LIEBLING ABROAD

The best thing to come out of Raymond Sokolov's fussy biography of A.J. Liebling, Wayward Reporter (1980), may be the republication, in one volume, of Francophile Liebling's four books of diverse encounters with the French—French generals being of no less "obsessional interest" to him than French restaurants. Briefly but serviceably introduced by Sokolov, they comprise the two books of wartime New Yorker dispatches—on "fighting, politics, and peasantry"—The Road Back to Paris and Mollie & Other War Pieces; Normandy Revisited (1958), which takes the middle-aged Liebling, in a chauffeured car, back to the scenes of his student days and his wartime engagements; and Between Meals (1962), subtitled "An Appetite for Paris" and a non pareil celebration of oysters and wine, chefs and proprietors—from childhood. The exuberance, the feeling for place and character, the attention to "rudimentary things"—and always the unexpected word, the edged phrase—continue to delight and astonish.

Pub Date: May 1, 1981

ISBN: 0872236439

Page Count: 672

Publisher: Playboy Press

Review Posted Online: May 18, 2012

Kirkus Reviews Issue: May 1, 1981

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Analyzing his craft, a careful craftsman urges with Thoreauvian conviction that writers should simplify, simplify, simplify.

SEVERAL SHORT SENTENCES ABOUT WRITING

New York Times columnist and editorial board member delivers a slim book for aspiring writers, offering saws and sense, wisdom and waggery, biases and biting sarcasm.

Klinkenborg (Timothy; or, Notes of an Abject Reptile, 2006), who’s taught for decades, endeavors to keep things simple in his prose, and he urges other writers to do the same. (Note: He despises abuses of the word as, as he continually reminds readers.) In the early sections, the author ignores traditional paragraphing so that the text resembles a long free-verse poem. He urges readers to use short, clear sentences and to make sure each one is healthy before moving on; notes that it’s acceptable to start sentences with and and but; sees benefits in diagramming sentences; stresses that all writing is revision; periodically blasts the formulaic writing that many (most?) students learn in school; argues that knowing where you’re headed before you begin might be good for a vacation, but not for a piece of writing; and believes that writers must trust readers more, and trust themselves. Most of Klinkenborg’s advice is neither radical nor especially profound (“Turn to the poets. / Learn from them”), and the text suffers from a corrosive fallacy: that if his strategies work for him they will work for all. The final fifth of the text includes some passages from writers he admires (McPhee, Oates, Cheever) and some of his students’ awkward sentences, which he treats analytically but sometimes with a surprising sarcasm that veers near meanness. He includes examples of students’ dangling modifiers, malapropisms, errors of pronoun agreement, wordiness and other mistakes.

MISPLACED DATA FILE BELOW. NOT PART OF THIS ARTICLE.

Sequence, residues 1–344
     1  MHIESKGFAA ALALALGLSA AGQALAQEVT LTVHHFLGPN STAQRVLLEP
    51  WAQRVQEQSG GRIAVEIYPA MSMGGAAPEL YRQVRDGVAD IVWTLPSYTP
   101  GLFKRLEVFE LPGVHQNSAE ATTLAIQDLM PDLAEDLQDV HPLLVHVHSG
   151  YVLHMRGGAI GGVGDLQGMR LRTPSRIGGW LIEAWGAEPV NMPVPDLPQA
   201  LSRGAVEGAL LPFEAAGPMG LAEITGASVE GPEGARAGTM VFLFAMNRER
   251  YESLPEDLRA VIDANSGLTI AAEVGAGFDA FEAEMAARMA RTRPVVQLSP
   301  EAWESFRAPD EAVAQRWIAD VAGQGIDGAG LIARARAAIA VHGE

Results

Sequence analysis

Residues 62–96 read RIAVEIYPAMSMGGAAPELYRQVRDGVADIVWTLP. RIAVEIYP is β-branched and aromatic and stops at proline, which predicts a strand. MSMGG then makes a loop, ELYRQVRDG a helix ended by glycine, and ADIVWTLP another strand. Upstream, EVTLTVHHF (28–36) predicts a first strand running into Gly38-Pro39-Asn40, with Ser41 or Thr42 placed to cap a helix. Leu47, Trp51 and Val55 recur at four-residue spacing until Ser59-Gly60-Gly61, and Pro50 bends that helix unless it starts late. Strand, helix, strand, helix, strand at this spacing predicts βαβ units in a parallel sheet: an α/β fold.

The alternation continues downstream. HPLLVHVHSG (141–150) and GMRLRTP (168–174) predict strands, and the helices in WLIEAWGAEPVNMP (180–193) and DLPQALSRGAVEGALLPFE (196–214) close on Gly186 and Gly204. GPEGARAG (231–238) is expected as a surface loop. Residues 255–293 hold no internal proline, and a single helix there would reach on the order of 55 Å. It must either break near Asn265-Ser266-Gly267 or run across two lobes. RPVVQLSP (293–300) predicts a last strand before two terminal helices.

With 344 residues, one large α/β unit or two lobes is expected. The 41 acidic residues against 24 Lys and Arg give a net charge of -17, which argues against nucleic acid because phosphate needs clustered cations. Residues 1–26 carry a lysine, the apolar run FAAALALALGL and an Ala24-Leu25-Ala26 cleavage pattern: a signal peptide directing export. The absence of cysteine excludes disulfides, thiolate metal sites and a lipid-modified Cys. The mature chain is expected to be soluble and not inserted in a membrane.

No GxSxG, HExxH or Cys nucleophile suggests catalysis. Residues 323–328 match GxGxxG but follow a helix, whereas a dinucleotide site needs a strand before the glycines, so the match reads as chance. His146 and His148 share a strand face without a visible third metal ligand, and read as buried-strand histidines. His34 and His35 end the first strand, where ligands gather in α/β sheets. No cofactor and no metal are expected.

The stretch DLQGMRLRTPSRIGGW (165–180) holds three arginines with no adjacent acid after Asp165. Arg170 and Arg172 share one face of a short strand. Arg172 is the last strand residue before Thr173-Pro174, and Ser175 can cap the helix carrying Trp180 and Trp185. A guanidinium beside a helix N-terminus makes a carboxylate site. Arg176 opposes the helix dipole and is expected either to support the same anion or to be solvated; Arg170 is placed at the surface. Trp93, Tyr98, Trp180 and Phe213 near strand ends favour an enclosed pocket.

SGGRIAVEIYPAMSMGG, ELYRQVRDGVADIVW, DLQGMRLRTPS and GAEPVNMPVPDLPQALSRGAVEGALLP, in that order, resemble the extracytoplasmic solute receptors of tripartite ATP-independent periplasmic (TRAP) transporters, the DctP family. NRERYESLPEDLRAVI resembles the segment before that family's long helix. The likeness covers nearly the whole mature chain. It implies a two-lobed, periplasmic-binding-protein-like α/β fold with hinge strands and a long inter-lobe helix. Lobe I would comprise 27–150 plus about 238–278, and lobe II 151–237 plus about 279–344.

Analyzing his craft, a careful craftsman urges with Thoreauvian conviction that writers should simplify, simplify, simplify.

Pub Date: Aug. 7, 2012

ISBN: 978-0-307-26634-7

Page Count: 224

Publisher: Knopf

Review Posted Online: May 14, 2012

Kirkus Reviews Issue: June 15, 2012

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Stricter than, say, Bergen Evans or W3 ("disinterested" means impartial — period), Strunk is in the last analysis...

THE ELEMENTS OF STYLE

50TH ANNIVERSARY EDITION

Privately published by Strunk of Cornell in 1918 and revised by his student E. B. White in 1959, that "little book" is back again with more White updatings.

Stricter than, say, Bergen Evans or W3 ("disinterested" means impartial — period), Strunk is in the last analysis (whoops — "A bankrupt expression") a unique guide (which means "without like or equal").

Pub Date: May 15, 1972

ISBN: 0205632645

Page Count: 105

Publisher: Macmillan

Review Posted Online: Oct. 28, 2011

Kirkus Reviews Issue: May 1, 1972

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